Sunday, 30 June 2013

HARD AT WORK. 30th June

The Fuel filtering system is installed and apparently its working as desired. There is some discoloration in the filter, indicating that it is picking up crud. The pump is a small facet pump which pumps about 60gal per hour in a continuous loop through a 10micron filter in a Racor assembly. We can do each tank independently, as required, when we are not using the gen-set or the main engine. Clean fuel is paramount and we have had our share of fuel woes as have many of our cruising acquaintances and friends. One boat has just returned to Indonesia after attempting a passage to Cocos Keeling and encountering persistent fuel blockages about 400nm south of Sunda Strait. We hope the new system can be deployed regularly to minimize this risk.

Stocked up with filters

We came up onto the hard again on Wednesday, and for a change there was almost no growth. Must be this cold water!  Its about 8 months since our last haul-out for repairs to the keel after an encounter with a reef in Indonesia. The lifter is a 100ton  Ascom and very fancy. It can manage around 9M beam. All the wheels articulate independently providing infinite maneuverability and its the only lifter we have ever seen which lives in a shed. All very easy.

 The anti-foul has been on about 15 months and is due for replacement. So while we wait for the new sail, (which is finished but cant be installed until the new rig components have been installed and until we are back in the water to test sail it,) 

We decided to haul out here at Yachtport SA in Saldahna to do annual maintenance and try to get the wretched new shaft installed.

What a pain its been. Another trip to Cape Town with the shaft to have the last machining done on the inboard end. Taper, key-way etc etc blah blah...and so on. Even with the old shaft and all the components in his possession the machinist still managed to add 5mm to the length.! Why? I thought machining was a precise art. How do you translate 1000ths of an inch to 5 mm?? Lucky we are not the space program. 

We will have to have the cutting face on the rope cutter remade here or take the whole thing back to Cape Town. It will be simpler to do the rope cutter we think. So the new shaft has been in and out about 5 times in the last two days while the captain makes minute changes and detailed checks of all the fitting. Years ago someone decided to try an extra cutlass bearing in the stern tube. Well over the years its very worn and although it was not a problem with the 38mm shaft it was for the new 40mm one. We have had to get this old bearing out. It was almost impossible to get to but luckily the rubber is so old and perished that some persistence with a hammer and big screw driver managed to dislodge it and we now have good clearance there. the new Polyflex flexible coupling has been fitted and seems to be OK. Time will tell.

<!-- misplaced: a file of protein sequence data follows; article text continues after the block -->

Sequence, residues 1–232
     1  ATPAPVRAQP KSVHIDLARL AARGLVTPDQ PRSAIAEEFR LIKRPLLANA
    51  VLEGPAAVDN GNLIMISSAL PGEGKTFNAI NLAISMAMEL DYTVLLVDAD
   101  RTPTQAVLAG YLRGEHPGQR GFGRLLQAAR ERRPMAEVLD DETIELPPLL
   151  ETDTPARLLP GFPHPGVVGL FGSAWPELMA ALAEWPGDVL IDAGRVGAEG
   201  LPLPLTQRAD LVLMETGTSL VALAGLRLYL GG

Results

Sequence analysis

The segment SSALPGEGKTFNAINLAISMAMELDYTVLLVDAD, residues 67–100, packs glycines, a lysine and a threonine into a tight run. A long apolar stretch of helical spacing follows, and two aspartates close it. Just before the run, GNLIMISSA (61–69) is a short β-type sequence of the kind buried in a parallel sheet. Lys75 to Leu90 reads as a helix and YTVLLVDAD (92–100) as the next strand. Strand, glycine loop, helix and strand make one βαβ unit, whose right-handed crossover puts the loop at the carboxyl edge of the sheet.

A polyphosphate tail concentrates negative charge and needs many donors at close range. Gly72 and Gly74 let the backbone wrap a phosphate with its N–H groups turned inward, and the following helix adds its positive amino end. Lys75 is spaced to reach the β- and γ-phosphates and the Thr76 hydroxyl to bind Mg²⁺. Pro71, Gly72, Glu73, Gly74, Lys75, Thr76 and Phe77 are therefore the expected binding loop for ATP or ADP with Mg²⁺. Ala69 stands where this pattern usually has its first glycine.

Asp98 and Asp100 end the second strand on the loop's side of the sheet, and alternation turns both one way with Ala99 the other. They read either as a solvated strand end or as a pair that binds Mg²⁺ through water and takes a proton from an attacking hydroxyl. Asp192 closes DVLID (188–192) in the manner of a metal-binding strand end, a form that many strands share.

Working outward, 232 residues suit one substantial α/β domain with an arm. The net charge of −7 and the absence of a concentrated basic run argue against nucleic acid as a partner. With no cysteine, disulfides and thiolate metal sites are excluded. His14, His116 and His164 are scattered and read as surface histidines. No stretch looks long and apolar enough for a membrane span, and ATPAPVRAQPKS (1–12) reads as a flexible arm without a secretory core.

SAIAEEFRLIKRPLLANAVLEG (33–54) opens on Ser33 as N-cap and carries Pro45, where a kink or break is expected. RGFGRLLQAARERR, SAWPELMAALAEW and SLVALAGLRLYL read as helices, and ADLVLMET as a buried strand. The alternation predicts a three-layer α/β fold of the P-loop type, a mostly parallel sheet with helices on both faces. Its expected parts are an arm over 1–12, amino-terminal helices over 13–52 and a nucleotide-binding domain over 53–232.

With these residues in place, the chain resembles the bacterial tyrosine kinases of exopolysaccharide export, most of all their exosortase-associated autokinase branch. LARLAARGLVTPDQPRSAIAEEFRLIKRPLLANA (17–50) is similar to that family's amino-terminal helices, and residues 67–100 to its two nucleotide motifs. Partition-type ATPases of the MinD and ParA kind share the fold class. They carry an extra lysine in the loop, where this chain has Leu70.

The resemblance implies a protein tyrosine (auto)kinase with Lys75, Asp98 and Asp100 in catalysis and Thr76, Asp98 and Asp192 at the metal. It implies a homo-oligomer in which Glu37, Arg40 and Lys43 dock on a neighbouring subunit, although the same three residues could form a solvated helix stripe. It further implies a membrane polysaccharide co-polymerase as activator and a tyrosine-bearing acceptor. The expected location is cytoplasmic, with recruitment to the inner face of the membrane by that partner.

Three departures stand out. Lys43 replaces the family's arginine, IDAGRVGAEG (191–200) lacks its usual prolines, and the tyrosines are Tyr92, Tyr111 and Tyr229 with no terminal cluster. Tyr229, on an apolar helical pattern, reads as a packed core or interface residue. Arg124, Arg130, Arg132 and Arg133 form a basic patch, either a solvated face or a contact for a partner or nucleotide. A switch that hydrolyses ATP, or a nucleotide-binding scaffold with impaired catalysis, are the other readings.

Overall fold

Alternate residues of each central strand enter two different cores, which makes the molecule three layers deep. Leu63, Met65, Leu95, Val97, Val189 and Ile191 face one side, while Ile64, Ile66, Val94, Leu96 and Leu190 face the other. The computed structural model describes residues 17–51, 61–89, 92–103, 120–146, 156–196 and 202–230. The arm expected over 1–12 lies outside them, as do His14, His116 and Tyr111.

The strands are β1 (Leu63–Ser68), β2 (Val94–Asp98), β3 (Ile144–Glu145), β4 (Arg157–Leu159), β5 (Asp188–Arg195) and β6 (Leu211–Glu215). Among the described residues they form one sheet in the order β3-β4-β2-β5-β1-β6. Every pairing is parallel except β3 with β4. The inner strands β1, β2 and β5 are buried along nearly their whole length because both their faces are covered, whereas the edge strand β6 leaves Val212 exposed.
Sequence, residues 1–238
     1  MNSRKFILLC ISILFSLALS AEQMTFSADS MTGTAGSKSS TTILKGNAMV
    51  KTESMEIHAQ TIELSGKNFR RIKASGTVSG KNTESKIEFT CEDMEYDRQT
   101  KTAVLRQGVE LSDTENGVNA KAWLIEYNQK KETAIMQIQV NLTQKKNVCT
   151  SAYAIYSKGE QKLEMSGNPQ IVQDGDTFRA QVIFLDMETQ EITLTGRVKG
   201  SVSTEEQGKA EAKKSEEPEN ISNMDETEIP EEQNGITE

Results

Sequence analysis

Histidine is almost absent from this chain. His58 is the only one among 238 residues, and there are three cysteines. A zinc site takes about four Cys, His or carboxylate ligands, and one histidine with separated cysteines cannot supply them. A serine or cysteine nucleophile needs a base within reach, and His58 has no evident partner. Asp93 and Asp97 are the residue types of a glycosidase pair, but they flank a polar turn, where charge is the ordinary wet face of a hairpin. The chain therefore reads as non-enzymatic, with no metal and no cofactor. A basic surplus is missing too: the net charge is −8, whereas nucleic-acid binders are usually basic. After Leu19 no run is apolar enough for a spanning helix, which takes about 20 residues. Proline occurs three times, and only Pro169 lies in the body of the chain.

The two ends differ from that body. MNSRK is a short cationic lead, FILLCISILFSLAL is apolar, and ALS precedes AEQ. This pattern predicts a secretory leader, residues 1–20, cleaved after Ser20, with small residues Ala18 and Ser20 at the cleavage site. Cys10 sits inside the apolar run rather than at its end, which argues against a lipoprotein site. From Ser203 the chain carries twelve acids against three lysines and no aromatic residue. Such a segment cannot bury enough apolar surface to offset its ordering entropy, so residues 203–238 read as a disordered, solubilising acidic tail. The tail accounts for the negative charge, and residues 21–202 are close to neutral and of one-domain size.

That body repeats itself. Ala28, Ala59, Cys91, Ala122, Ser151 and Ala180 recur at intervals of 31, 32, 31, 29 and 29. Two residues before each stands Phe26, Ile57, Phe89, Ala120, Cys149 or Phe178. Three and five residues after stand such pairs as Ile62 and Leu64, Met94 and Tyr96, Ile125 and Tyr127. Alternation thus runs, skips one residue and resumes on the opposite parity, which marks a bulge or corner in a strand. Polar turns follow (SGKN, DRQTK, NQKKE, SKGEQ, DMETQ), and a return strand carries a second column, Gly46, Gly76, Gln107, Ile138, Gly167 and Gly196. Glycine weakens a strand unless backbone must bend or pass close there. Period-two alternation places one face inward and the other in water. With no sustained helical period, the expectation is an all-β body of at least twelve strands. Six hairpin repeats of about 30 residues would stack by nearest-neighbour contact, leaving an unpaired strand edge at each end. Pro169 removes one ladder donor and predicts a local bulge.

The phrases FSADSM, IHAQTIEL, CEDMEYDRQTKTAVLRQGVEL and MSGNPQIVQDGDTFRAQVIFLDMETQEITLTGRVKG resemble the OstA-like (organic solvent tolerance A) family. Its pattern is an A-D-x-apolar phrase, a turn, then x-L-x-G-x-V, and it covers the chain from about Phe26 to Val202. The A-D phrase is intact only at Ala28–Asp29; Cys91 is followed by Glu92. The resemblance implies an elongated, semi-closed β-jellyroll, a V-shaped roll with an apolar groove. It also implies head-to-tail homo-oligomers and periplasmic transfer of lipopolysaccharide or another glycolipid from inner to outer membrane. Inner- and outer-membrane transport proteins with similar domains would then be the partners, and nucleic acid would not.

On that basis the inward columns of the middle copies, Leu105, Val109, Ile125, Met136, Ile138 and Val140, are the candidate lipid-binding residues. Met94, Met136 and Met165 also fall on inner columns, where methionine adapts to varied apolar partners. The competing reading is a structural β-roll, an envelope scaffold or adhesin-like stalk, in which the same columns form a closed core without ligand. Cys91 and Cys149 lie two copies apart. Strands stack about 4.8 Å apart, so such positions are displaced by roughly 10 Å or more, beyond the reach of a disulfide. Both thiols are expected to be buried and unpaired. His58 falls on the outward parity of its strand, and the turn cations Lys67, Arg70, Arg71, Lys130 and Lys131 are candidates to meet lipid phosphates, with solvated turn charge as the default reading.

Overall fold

In Cape Town we went to Sondor Performance Foams (64 Junction St. Parow. ph +27 (0) 21 959 9400. and purchased some 30mm closed cell foam to use for insulation around the two bunks. The forward cabin has been unusable because there is so much condensation from the hulls.
The deck is Airex, so is well insulated but the bed also sits on 400lt of water tanks. It was so cold! Well we put the foam over the tanks and used a hole saw to make holes in the plywood bases to facilitate air flow. I put foam on the hull surfaces beside the bed. We haven't moved back there yet because I still have one side to do but even entering the cabin now the difference is discernible.I also did the aft cabin and happy to report its now snug. Not like sleeping beside a refrigeration plate.

We were hosted by friends in Cape Town and stayed the night. Fabulous food and great company. Helping to reduce the wine lake in South Africa. We got away with a beaut bag of goodies from Trudie and these have been stashed for the journey.
Saldahna's steel mill.

The captain is examining thru hull fittings. These always surface when we come up onto the hard-stand!. Every time we plan to change them but every time we check them and they are as good as new. The new ones in fact don't look as good!
It has almost been all work here but we have been to the Saldanha Yacht Club a few times which is invariably a fun friendly night. Its possible to come home to Taipan now without being breathalyzed and denied entry if you have any alcohol on your reading. The big power at Yachtport SA have parleyed with the Port bureaucracy and it has had the rule lifted for Yachtport SA people. This is big! It was a real pain not knowing if you could get home or not!!

The lighting project in the mast has taken back seat while we are on the hard. It will recommence once we are back in the water as we have now have most of the light fittings required to complete the job.

Our insurers were keen for us to replace a lot of our standing rigging within the coming year too, so that is being done by Trevor Spilhaus of TS Rigging Solutions. (

When we are not flat out...we sit and sip gin!!!